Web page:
The existence of corn mills in Ivybridge can be traced back centuries but here we focus on what locals knew as Lee’s Mill, a flour and later provender mill, located just off Fore Street.
By the early nineteenth century, the old manor corn mill in the centre of Ivybridge, which for centuries had been operated by a local miller, was leased to the Devonport Union Mill Society. Established by dock workers in 1814, it was set up initially as a wholesale bread supply society. Operating as a cooperative it was able to provide flour more cheaply, with each shareholder permitted to take a weekly allowance of flour relevant to their shareholding. It was documented that the society had 650 members and by 1817 it established its own bakehouses to supply the members with bread. The continuing success of the society led to the acquisition of the manor mills at Ivybridge in 1821, naming the site “Union Mills” in recognition of its cooperative status.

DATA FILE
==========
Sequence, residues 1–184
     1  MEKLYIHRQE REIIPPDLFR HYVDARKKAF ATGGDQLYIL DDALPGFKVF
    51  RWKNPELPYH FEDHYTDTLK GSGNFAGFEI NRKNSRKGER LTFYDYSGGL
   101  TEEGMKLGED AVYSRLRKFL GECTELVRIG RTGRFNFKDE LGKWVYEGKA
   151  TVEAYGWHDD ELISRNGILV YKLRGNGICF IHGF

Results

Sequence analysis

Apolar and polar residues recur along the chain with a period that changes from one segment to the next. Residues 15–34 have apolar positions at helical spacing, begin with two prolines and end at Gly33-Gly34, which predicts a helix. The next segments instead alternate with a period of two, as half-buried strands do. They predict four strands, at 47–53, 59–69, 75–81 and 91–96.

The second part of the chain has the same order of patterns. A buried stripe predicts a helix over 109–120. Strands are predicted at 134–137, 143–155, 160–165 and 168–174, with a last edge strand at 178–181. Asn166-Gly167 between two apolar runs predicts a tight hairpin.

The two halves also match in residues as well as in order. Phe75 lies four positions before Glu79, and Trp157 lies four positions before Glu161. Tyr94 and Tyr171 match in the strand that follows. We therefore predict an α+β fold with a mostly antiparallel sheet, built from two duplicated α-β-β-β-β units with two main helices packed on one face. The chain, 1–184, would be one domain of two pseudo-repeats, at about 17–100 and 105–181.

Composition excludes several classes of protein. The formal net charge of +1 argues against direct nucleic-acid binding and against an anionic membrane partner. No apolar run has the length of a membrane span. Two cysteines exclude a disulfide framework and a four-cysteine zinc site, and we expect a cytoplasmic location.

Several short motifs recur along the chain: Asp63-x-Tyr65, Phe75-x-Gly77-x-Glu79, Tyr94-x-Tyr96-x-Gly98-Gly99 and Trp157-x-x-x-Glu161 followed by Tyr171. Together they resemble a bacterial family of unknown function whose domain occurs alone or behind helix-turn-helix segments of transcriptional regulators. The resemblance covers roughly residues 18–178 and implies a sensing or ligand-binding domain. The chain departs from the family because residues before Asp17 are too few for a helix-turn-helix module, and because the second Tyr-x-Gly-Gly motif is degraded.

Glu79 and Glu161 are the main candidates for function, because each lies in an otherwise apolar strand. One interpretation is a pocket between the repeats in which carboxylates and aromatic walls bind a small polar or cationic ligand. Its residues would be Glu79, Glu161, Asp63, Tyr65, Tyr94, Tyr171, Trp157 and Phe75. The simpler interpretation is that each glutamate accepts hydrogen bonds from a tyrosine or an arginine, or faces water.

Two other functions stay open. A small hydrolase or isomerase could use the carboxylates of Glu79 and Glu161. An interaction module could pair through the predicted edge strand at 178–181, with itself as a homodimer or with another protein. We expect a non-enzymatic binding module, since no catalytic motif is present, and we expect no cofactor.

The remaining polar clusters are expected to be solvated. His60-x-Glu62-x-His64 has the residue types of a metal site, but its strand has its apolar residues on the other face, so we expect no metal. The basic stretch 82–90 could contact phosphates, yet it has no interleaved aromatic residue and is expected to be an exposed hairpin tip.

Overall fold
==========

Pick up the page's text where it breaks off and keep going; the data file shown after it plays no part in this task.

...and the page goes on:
Sharing the same location at this time was Ivybridge Paper Mills, belonging to Benjamin Holman and later his sons, Francis and Henry Holman, However, unlike Stowford Paper Mills, this mill produced ‘thin browns’. These wrapping papers would have been made from poor quality rags, old ropes, netting and canvas.